“During the conquest, the French troops were known to have looted, raped and massacred entire villages, desecrated mosques and destroyed cemeteries.”
It was a brutal invasion of the country as the French fought Abd al-Qadir, a devout Sufi religious and political leader who fought hard to keep Algerian freedom.
Abd al-Qadir remains in history as the most venerated first hero of Algerian independence.
He had support from many people to the extent that he controlled two-thirds of Algeria in 1839.
The French government sent Commander General Bugeaud who defeated Abd al-Qadir in 1847.
Soon after that, the French destroyed Islamic institutions and schools.
They launched a mission to bring ‘civilisation’ to Algeria and forced the people to become full French citizens.
Algerian Muslims were also forced to renounce Islamic traditions and follow French ways of life.
Basically the Muslims were treated as subjects and not able to obtain French citizenship until they gave up their religion and culture. 
This way, they were forced to forgo their identity.
Two waves of French immigration to Algeria happened between 1848 and 1881.
As the French settled, the Algerians lost their land and they became refugees in their own country.
The white settlers in Algeria were known as the ‘pieds noirs’ for being born in the country.
They owned fertile 23 percent of the fertile land while the indigenous Algerians were dispossessed of their traditional land.
Not only did the Algerian lose their land; they were forced to grow cash crops for European consumption.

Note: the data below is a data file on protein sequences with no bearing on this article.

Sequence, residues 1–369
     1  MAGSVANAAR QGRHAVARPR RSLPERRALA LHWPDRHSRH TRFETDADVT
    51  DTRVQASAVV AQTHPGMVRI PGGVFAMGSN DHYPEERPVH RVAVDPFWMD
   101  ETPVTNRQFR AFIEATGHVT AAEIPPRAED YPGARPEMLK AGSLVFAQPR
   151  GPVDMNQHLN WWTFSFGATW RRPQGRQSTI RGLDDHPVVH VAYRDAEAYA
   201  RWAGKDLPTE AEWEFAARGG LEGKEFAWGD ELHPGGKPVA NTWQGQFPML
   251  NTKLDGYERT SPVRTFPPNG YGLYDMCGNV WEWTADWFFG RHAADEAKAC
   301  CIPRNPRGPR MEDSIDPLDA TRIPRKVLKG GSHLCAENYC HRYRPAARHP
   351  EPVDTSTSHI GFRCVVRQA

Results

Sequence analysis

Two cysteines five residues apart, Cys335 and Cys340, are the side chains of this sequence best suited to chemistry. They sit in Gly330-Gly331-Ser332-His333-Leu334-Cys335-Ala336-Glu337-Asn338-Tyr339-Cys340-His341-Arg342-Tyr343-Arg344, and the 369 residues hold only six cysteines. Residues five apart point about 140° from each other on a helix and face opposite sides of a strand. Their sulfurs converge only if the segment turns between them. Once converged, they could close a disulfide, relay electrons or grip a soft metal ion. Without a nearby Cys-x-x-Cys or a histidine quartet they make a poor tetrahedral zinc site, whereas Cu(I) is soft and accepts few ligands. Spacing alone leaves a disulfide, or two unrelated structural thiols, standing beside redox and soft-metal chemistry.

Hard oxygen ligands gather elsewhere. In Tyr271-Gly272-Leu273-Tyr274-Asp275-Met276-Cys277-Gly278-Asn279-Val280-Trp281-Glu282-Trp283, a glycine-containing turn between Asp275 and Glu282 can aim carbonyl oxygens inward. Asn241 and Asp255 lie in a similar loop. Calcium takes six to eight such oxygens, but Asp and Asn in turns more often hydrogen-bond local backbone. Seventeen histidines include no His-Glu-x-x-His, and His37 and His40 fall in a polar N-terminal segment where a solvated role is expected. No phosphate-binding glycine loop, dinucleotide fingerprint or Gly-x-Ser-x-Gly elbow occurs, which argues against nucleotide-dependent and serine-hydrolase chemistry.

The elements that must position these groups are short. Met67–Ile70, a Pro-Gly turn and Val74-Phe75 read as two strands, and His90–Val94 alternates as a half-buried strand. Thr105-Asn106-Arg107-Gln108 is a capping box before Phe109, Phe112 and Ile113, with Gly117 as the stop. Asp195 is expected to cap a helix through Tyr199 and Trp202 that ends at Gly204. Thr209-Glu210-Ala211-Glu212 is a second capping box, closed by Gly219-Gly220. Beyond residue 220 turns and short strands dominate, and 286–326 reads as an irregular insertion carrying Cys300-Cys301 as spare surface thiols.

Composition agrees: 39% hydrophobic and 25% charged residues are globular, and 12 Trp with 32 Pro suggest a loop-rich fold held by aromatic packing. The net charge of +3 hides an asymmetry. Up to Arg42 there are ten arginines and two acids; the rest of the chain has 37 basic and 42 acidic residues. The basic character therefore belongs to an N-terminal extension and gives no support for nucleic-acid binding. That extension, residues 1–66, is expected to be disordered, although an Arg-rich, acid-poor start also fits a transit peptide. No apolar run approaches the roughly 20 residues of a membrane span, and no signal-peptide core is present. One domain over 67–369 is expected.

Algeria produced crops such as wheat, vines, olives, citrus fruits, tobacco and vegetables for export to Europe, but mainly to France.
As a result, wine from Algeria was the most important export.
At the same time, the French also exploited Algeria’s mineral resources and took control of phosphates, iron ore and oil.
The Algerian government website also notes the following: “Socially, the Algerians developed an inferiority complex as a result of the continued oppression by the French.
“The settlers had more power and high incomes while the Algerian majority suffered loss of status, subservience and poverty.
“Much of their traditional and religious education was eliminated and replaced by Christian French education.”
However, such a situation or exploitation and racism had to end.
Revolutionaries emerged from the Algerian people and the Algerian War of Independence began in 1954.
For eight years, there were brutal massacres, terrorism, and torture.
The war went on till March 1962 when the French government accepted a ceasefire.
In July 1962 the Algerian people became independent.
As a result, 1, 4 million French settlers were forced to leave Algeria and return to France.
Until the late 1980s, some French people kept on returning to Algeria, but the Algerian Civil War of the 1990s forced many of them to stay in France, as should have been the case in the first place.


Please enter your comment!
Please enter your name here